Syndicate content

Egypt’s Sanitation Program for Results (PforR): achieving results on the ground

Gustavo Saltiel's picture
Co-authors:
  • Osama Hamad, Lead Water Supply & Sanitation Specialist, World Bank Water Global Practice
  • Heba Yaken Aref Ahmed, Operations Analyst, World Bank Water Global Practice
  • Sara Mohamed Mahmoud Aly Soliman, Consultant,  World Bank Water Global Practice

 
In a rural area about 60 miles north of Cairo lies the town of Toukh El Aqlam, situated on Egypt’s busy Cairo-Alexandria agricultural road. The region has long-suffered from a lack of sanitation services, creating a serious impact on the health and social development of its inhabitants. On October 16th, 2018, the World Bank’s Program for Results (PforR) team and representatives from Egypt’s Ministry of Housing visited Toukh El Aqlam, where 30,000 citizens now benefit from 5,000 new sanitation connections in rural Dakahliya governorate.



The Dakahliya Water and Sanitation Company (WSC) is one of three WSCs participating in the World Bank-supported Sustainable Rural Sanitation Services Program (SRSSP), along with Beheira and Sharkiya. Approved by the Bank in July 2015, the Program is already delivering results on the ground in its efforts to achieve sustainable access to sanitation services, reduce water pollution in the Nile Delta, and improve water sector governance.

The WSC serving Toukh El Aqlam has made significant progress on KPIs supported by the Program. The number of reported sewerage flooding events over each 100 km of the network in a year was 426.9, well below the benchmark of 450. The operating ratio is currently 90%, above and beyond the targeted 79%. Through a decentralized approach to service delivery, the program is empowering the WSCs in different activities that were previously managed by central agencies, such as the design and construction of sanitation infrastructure.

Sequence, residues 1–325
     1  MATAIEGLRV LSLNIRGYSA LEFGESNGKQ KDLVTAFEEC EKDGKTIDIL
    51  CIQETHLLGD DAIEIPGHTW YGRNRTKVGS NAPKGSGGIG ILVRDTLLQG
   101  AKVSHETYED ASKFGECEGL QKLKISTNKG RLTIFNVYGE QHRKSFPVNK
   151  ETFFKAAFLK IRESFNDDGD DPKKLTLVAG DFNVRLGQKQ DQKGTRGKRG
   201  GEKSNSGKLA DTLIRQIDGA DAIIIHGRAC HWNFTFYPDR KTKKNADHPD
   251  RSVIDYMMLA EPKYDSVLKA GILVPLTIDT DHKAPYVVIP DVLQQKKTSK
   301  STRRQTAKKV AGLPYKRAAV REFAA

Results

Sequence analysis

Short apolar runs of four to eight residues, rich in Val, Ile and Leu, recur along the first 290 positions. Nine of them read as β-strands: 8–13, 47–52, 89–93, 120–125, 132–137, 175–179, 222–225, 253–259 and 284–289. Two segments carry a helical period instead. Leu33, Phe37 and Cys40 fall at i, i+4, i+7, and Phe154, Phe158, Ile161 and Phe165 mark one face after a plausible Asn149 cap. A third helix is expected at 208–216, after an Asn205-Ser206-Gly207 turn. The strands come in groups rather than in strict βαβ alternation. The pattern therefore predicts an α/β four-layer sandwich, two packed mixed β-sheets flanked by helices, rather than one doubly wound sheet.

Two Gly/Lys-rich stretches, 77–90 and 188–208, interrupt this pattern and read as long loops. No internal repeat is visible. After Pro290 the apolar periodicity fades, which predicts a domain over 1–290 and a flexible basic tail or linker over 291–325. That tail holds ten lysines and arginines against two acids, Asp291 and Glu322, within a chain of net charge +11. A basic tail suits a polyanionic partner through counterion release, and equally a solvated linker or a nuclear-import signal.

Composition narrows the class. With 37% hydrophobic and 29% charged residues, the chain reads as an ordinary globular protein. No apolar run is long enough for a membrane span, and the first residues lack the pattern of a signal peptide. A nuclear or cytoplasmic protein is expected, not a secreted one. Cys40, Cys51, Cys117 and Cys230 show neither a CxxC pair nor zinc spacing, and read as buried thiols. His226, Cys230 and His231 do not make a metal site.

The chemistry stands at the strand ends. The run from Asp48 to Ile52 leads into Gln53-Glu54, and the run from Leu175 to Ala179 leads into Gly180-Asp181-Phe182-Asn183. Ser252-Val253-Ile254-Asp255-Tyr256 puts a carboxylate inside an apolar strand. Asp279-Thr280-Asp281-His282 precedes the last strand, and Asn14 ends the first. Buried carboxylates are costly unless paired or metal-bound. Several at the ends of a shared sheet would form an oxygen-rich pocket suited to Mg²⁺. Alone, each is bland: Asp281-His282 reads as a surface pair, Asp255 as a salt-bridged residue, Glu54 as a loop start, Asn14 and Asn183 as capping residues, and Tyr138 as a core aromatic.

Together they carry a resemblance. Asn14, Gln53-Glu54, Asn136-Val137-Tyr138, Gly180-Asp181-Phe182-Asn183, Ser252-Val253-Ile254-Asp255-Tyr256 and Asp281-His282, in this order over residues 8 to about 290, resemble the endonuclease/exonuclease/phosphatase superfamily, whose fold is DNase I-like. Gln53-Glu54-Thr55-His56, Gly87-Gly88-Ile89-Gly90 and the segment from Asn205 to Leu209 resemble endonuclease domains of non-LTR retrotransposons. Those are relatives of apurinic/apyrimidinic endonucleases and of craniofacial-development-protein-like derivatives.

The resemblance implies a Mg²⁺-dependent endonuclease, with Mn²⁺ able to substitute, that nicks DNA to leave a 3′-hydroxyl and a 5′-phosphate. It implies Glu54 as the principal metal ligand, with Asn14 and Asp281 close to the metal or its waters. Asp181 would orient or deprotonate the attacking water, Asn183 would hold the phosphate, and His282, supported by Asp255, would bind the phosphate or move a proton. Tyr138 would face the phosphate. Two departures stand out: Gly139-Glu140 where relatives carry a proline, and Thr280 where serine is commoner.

Financial incentives embedded in the program have proven to be one of the key reasons this approach is succeeding. Performance-based capital grants provide a fiscal transfer mechanism from the national government to the WSCs, with strong incentives for performance improvements and the timely execution of the investment program.
 
The community is extremely satisfied with the amount of professionalism the Program has to offer,” said Dr. Enas Abd El Shafei Atteya, the Local Administration Officer of Simbelaween.  “The Program emphasizes the importance of the health and safety of those living in the community while improving the sanitation systems of the village."

Citizen engagement has also improved significantly.  A Grievance Redressal Mechanism has been set up under the Program to give community members the chance to address their complaints, as well as get a hold of information in a more transparent manner. With the increase in community involvement, land acquisition issues are more easily resolved.

Unlike previous programs, the PforR includes a clear bottom-up approach, instead of a traditional top-down method, allowing subnational WSCs to gradually gain more autonomy and decision-making power. And by first testing the approach on just a few WSCs, successful experiences can be replicated and applied to the whole sector.

Building on the success of the initial phase of the Program, the Bank recently approved additional financing, co-financed by the Asian Infrastructure Investment Bank. This will allow the Program to scale up from US$550 million to a US$1.15 billion. While this is still far from the US$14 billion needed to achieve sustainable access to sanitation in rural areas across Egypt, the new approach is attracting other development partners and building the foundations for a complete transformation of the Water and Sanitation Sector in Egypt and the turnaround of service providers to achieve the Sustainable Development Goals.

Comments

Submitted by F. Ayoola on

This project sounds great for reducing water pollution, improving governance and health of local people. However, sanitation is a problem across Africa, the demand for projects such as these are overwhelming. Has the demand for addressing sanitation across Africa outstripped the capacity to supply? Keep up the good work.

Submitted by Amali Amali on

This is a good initiative towards bridging the finance gap in the WaSH sector. Now we need to think of self sustainability up and above when funding stops.

Add new comment